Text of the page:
The Dodd-Frank Act's Whistleblower Provisions: The Act's Best Hope For Exposing Financial Wrongdoing
In this BNA Insights article, Outten & Golden attorneys Tammy Marzigliano and Cara E. Greene take a close look at these provisions and the effects of preceding laws, such as the Sarbanes-Oxley Act, to examine what their future impact might be. Bloomberg BNA, Workplace Law Report, 10/22/2010.
On Sept. 15, 2008, Lehman Brothers collapsed, sending shock waves through the financial services industry and portending the industry's broader meltdown. Less than two weeks later, Washington Mutual was seized by the federal government and placed into receivership. Over the next year, more than 100 banks folded, Americans saw $13 trillion in wealth evaporate, and massive securities fraud, like that committed by Bernie Madoff, shook investor confidence to the core. The housing market collapsed, the number of people out of work hit 15.6 million, and the federal deficit ballooned. America was in the midst of the Great Recession.
In response, on July 21, 2010, the federal government enacted the Dodd-Frank Wall Street Reform and Consumer Protection Act (the “act” or “Dodd-Frank Act”), which overhauls and strengthens federal oversight of the financial system. While it is impossible to know whether the financial meltdown could have been avoided had the act's provisions been adopted in 2007 instead of 2010, the question on everyone's mind is whether the Dodd-Frank Act will keep it from happening again. Only time will tell if it will have the desired and intended impact, but the act's whistleblower provisions attempt to ensure that in the future financial fraud and irregularities are exposed long before they corrupt the entire system.
The Epidemic Of Employer Misclassification Of Employees As Independent Contractors Under The Fair Labor Standards Act, And The Courts' Response
Justin M. Swartz, and Mariko Hirose, and contributions by Piper Hoffman, 2009
The Fair Labor Standards Act (FLSA)’s compensation requirements, such as minimum wages and overtime pay, apply only to “employees.” Chao v. Mid-Atl. Installation Servs., Inc., 16 F. App'x 104, 105 (4th Cir. 2001). Employers can get around these requirements and lower their tax bills at the same time by classifying workers as “independent contractors” instead of “employees.” Employers classify as independent contractors many workers who do not meet the legal definition: the Department of Labor estimates that up to 30% of U.S. employers misclassify workers. Courts have found rampant violations across certain industries.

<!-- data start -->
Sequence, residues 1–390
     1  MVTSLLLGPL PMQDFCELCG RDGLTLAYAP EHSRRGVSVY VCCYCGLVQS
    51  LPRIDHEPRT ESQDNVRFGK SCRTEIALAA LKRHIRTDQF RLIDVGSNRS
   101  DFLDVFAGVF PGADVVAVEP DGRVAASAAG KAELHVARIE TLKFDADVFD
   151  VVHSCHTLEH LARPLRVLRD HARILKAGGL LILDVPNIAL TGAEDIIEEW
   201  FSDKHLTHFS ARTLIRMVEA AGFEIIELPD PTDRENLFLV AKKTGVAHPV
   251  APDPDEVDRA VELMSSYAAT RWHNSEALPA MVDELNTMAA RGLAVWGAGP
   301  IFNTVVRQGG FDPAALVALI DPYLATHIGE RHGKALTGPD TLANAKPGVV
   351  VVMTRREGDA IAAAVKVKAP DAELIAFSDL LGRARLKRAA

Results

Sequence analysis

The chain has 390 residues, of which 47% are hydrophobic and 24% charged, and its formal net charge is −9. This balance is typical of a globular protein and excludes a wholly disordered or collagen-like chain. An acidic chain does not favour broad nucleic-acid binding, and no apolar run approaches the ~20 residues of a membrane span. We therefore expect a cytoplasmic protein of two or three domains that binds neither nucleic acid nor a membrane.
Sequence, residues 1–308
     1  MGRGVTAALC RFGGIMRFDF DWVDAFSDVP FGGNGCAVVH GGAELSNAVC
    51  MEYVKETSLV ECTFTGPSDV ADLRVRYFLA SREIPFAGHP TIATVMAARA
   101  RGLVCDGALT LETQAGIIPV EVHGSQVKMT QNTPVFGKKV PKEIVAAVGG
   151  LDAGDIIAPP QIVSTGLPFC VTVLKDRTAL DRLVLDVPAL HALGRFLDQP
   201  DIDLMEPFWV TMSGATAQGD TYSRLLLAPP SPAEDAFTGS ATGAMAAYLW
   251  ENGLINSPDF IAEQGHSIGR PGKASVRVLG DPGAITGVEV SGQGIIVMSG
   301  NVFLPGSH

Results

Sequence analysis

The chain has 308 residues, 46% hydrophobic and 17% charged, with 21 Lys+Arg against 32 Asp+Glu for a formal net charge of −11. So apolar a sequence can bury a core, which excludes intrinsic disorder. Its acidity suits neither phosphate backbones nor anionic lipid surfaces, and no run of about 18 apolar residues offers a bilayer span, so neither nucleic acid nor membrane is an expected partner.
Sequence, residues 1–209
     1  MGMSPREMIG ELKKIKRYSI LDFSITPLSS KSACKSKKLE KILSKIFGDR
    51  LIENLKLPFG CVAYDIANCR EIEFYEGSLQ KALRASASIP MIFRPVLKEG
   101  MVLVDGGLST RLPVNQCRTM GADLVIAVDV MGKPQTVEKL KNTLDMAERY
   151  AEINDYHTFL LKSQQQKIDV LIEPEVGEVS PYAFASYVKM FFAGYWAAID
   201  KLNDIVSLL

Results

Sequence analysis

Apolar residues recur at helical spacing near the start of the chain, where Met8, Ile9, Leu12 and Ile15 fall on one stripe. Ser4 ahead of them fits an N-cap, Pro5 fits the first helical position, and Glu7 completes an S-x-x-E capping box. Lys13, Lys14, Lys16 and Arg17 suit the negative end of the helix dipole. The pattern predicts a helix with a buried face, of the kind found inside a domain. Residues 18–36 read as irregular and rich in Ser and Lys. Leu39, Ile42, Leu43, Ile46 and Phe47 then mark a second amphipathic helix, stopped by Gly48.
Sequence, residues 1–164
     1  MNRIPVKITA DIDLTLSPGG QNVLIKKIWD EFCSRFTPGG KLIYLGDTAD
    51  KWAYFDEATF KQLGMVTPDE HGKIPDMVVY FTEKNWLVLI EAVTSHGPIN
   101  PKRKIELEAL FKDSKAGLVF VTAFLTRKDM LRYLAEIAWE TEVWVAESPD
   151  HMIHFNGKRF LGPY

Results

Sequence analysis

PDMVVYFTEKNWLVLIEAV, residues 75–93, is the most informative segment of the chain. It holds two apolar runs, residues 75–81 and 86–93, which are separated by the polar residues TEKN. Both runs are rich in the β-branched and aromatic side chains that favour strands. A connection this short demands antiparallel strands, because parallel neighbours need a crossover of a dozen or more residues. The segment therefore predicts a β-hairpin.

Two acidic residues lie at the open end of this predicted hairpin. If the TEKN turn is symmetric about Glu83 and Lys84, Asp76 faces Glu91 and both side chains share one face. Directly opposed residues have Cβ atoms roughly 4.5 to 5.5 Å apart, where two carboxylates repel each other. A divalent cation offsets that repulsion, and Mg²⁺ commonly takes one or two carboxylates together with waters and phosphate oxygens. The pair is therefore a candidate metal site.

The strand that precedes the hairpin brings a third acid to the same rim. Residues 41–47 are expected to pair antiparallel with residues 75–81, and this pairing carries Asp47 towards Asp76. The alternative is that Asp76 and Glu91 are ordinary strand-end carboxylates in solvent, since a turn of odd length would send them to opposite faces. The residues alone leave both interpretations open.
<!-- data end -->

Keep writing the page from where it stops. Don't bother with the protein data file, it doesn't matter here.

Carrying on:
Arbitrability Of Sarbanes-Oxley Whistleblower Claims
This article explores the arguments presented by member firms and registered employees, and outlines what arbitration panels have decided. Laurence S. Moy. Pearl Zachlewski, Linda Neilan, and Katherine Blostein. The Neutral Corner, Newsletter of FINRA Neutrals, Volume 1, 2008.
Since the passage of the Sarbanes-Oxley Act of 2002 (SOX), arbitrators handling employment claims may be faced with a throny question concerning SOX whistleblower claims: Should a SOX claim be litigated in court or arbitrated? Ultimately, the question comes to whether SOX whistleblower claims constitute "employment discrimination" claims, and are thus exempt from arbitration under Rule 13201 of the Code of Arbitration Procedure for Industry Disputes (Code). This article explores the arguments presented by member firms and registered employees and outlines what arbitration panels have decided.
Justin Swartz and Rachel Bien, Section of Labor & Employment Law, American Bar Association, Vol. 35, Number 4, Summer 2007
Few doubt the merits of diversity in the workplace. Indeed, a host of organizational leaders from chief executive officers to top military brass have recently touted the importance of a diverse labor force. As a result, an entire industry has emerged, geared toward eradicating workplace inequality.
Many thoughtful ideas have made their way onto "best practices" lists that identify methods to increase the representation of historically underrepresented groups in corporations and firms.
Despite all of this attention, however, the challenge of actually achieving diversity remains. As Alexandra Kalev, Frank Dobbin, and Erin Kelly wrote in a recent article examining the effectiveness of employers' efforts to promote diversity, "We know a lot about the disease of workplace inequality, but not much about the cure." "Best Practices or Best Guesses? Assessing the Efficacy of Corporate Affirmative Action and Diversity Policies," 71 Am. Soc. Rev. 589, 590 (August 2006).
At the 2007 National Conference on Equal Employment Opportunity Law in Charleston, South Carolina, the Section's Equal Employment Opportunity Committee (EEOC) presented two panels that focused on efforts to increase diversity in private sector workplaces, including law firms. The consensus that emerged from both panels was clear: truly overcoming inequality in the workplace requires more than changing hearts and minds. It demands a structural, top-down approach with incentives for meeting concrete diversity goals.
Ethics Corner: Third Circuit Vindicates Plaintiff's Attorney
Justin M. Swartz and Cara E. Greene. July, 2007. Ethics Corner is a regular contribution by the ABA, Labor & Employment Law Section’s Ethics and Professional Responsibility Committee.